Fish diet study reaches another milestone

Researchers at MSU recently completed dissection of 4,538 trout, salmon, and walleye stomachs collected from Lake Huron and Lake Michigan in 2018.

A man Jordan Andrus holds a large chinook salmon this year. He will process it to remove the stomach for the prey fish diet study.
Field technician Jordan Andrus holds a chinook salmon this year before processing at a tournament in Manistee, MI. Photo: Greg Byford, MSU Dept. of Fisheries and Wildlife

Michigan State University students working under the direction of Dr. Brian Roth have been busy at work analyzing the stomach contents of predator fish collected from Lake Huron and Lake Michigan. Identification and weighing of stomach contents is now complete, and the team is working to tally the results.

In 2018, 2,585 stomachs were collected in Lake Michigan and 1,953 were collected in Lake Huron for a grand total of 4,538. Most of these stomachs were collected from anglers by partner agencies working around the lakes, but anglers can also submit collect stomachs on their own. In 2018, Lake Huron anglers 396 stomachs from their own catches and Lake Michigan anglers collected 35.

Fall, spring donations needed

Volunteer stomach collection is especially important in fall and spring due the low number of stomachs collected by partner agencies early and late in the season. To submit stomach samHuron-Michigan-Diet-Study-Signples after a fishing trip, follow these four easy steps:

  1. Decide if you will collect stomachs from this fishing trip. It is not necessary to collect stomachs from every fishing trip taken over the course of the year.
  2. Remove stomachs from ALL fish of each species that you are collecting. It is not necessary to collect stomachs from all species, but if you collect one stomach from a steelhead then collect stomachs from all steelhead caught during that trip. It is especially helpful to collect less-common species like steelhead, brown trout, and Atlantic salmon even if you do not collect more common species like Chinook salmon and lake trout.
  3. Place entire intact stomach into plastic bag with data tag. Make sure to include only one stomach per plastic bag. Researchers prefer intact stomachs with no punctures or holes, and will not accept ripped, open, stomachs with large holes, or prey separated from the stomach. These stomachs might be missing small or heavily-digested food items that can bias the study.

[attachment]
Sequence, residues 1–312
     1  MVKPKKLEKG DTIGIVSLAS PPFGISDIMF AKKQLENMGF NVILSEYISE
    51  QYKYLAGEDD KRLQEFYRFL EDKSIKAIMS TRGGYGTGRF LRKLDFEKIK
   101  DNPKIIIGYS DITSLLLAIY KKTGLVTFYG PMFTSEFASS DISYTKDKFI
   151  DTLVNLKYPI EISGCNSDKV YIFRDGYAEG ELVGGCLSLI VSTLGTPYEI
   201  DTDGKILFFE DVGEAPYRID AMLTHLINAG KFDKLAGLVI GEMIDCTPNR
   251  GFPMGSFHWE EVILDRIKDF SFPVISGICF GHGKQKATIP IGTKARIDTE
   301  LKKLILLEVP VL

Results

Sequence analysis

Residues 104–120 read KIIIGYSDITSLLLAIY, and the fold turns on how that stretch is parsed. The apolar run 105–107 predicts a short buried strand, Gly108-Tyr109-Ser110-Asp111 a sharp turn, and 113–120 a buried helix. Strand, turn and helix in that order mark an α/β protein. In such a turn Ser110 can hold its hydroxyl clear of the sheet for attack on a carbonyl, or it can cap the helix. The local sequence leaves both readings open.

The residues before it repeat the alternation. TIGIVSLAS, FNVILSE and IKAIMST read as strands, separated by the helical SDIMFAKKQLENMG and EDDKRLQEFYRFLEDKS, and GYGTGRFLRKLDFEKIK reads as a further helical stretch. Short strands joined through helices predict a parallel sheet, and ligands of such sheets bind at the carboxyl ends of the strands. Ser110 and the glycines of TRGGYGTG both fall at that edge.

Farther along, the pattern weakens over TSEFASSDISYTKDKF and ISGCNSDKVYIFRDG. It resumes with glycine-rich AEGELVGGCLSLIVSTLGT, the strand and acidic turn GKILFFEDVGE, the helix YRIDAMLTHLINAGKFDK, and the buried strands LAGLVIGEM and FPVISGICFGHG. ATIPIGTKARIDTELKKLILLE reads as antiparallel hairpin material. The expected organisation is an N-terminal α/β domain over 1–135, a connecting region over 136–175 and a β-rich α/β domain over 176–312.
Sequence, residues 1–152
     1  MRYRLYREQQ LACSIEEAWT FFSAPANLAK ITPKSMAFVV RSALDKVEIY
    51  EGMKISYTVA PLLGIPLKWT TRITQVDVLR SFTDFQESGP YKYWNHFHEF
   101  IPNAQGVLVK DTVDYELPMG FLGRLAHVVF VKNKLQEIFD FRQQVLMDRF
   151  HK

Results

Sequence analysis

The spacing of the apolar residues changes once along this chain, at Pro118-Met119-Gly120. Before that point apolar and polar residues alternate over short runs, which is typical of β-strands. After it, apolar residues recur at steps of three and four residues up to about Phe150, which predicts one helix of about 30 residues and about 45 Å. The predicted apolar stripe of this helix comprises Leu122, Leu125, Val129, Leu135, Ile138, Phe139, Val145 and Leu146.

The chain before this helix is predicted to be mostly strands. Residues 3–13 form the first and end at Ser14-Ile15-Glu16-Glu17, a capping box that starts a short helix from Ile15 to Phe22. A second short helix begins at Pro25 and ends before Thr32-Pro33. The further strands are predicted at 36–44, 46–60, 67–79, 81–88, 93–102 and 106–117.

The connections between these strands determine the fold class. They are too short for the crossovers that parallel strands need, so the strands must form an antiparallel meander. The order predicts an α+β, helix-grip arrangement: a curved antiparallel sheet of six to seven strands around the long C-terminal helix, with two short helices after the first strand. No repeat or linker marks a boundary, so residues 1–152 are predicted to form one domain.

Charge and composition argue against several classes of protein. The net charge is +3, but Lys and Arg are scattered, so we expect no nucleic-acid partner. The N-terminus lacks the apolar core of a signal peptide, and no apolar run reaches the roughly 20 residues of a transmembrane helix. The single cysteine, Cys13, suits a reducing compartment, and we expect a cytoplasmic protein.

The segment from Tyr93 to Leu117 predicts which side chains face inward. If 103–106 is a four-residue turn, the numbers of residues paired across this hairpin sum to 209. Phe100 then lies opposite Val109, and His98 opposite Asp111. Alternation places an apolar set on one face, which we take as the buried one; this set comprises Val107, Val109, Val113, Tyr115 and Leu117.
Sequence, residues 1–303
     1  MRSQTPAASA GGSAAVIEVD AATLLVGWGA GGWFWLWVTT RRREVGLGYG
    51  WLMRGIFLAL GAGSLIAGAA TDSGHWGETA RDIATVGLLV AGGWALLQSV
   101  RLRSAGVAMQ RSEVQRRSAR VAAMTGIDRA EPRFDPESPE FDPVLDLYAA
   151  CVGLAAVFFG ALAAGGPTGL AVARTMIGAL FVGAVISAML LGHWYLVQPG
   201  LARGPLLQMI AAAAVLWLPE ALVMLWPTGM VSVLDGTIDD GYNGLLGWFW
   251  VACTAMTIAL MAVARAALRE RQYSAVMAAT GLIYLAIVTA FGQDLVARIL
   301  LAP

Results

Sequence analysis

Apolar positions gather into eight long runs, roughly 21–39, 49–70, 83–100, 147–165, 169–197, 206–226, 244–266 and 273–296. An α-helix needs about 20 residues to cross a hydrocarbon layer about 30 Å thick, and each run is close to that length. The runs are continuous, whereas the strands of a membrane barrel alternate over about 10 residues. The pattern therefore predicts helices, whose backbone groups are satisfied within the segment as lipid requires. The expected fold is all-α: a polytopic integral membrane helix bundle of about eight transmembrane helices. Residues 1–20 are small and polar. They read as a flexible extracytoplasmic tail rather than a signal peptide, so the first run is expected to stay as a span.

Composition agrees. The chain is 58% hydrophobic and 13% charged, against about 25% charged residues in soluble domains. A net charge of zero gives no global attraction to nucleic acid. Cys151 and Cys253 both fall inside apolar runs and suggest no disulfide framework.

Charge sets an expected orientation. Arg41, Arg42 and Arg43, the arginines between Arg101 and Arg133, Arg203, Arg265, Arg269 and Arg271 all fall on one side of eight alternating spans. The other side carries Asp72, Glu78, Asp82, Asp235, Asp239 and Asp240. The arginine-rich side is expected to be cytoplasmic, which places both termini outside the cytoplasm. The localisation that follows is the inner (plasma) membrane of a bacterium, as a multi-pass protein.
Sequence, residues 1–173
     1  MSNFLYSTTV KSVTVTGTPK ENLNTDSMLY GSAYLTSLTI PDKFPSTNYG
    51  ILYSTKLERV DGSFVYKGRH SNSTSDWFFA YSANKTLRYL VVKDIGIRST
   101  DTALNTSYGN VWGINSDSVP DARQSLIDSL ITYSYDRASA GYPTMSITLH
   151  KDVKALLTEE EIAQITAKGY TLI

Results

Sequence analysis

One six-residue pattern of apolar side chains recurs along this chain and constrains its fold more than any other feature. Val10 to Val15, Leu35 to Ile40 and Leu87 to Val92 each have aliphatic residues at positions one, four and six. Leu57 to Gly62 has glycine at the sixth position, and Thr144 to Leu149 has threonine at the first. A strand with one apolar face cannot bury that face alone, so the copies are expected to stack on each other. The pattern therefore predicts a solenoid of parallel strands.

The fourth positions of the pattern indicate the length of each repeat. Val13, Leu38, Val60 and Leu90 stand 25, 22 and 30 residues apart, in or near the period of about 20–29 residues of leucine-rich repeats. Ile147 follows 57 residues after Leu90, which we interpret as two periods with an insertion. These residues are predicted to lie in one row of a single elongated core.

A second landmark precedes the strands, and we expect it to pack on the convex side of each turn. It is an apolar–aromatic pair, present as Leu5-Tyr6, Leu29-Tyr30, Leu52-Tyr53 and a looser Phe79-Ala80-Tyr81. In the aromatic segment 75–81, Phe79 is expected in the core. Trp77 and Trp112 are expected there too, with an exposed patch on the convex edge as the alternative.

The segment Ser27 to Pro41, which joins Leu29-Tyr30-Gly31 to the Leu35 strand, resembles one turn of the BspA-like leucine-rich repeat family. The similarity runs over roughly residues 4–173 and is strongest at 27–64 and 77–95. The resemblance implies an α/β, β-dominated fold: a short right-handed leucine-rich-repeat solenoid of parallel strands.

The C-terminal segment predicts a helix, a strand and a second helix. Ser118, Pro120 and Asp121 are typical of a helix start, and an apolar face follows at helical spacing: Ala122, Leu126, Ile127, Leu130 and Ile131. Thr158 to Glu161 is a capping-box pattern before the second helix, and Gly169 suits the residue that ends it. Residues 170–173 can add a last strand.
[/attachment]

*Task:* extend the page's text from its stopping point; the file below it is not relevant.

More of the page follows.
4. Freeze or ice stomachs immediately and deposit in freezer at drop site.

Full instructions and freezer drop sites are available at MichiganSeaGrant.org/diet. Diet study signs are also posted at access sites around Lake Michigan and Lake Huron. Data tags are available at some drop sites and can be printed at home. The video below also provides helpful hints on stomach removal:

Help fund this project

Even if you don’t participate in collecting samples, you can contribute to funding the project on this CrowdPower page. More than 30 individuals have contributed to the crowd-funding effort, in addition to several fishing organizations. The Grand Rapids Steelheaders Foundation, the Grand Haven Steelheaders Foundation, Southwest Michigan Steelheaders,  Detroit Area SteelheadersPentwater Sportfishing Association, and Saginaw Bay Walleye Club have all contributed generous donations. Additional funding was awarded by the Great Lakes Fishery Trust, will allow MSU researchers to analyze stomach contents from trout, salmon, and walleye through 2021.

Michigan Sea Grant helps to foster economic growth and protect Michigan’s coastal, Great Lakes resources through education, research and outreach. A collaborative effort of the University of Michigan and Michigan State University and its MSU Extension, Michigan Sea Grant is part of the NOAA-National Sea Grant network of 34 university-based programs.

This article was written by Michigan Sea Grant Extension Educator Dr. Dan O'Keefe under award NA14OAR4170070 from the National Oceanic and Atmospheric Administration, U.S. Department of Commerce through the Regents of the University of Michigan. The statements, findings, conclusions, and recommendations are those of the author(s) and do not necessarily reflect the views of the National Oceanic and Atmospheric Administration, the Department of Commerce, or the Regents of the University of Michigan.


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